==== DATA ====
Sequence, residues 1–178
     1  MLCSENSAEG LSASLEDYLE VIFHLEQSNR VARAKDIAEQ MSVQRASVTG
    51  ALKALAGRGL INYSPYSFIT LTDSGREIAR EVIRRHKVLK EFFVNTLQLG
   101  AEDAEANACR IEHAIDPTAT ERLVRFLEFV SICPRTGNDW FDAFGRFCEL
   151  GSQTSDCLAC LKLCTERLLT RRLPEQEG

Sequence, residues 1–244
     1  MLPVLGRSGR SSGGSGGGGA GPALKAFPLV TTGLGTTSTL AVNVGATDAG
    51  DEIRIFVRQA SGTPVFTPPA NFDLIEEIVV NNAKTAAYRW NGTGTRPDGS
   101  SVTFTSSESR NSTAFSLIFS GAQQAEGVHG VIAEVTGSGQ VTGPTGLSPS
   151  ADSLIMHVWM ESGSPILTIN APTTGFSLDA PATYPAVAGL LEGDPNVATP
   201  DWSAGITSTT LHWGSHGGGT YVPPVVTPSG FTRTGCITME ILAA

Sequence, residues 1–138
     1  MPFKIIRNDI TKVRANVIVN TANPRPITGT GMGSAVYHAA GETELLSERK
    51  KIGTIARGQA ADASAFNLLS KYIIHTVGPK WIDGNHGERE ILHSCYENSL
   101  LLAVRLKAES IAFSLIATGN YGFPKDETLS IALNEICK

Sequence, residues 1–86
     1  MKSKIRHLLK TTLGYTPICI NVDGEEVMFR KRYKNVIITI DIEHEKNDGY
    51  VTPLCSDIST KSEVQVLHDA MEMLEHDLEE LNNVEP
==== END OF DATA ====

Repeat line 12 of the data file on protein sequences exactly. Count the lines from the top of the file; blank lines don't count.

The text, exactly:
Sequence, residues 1–138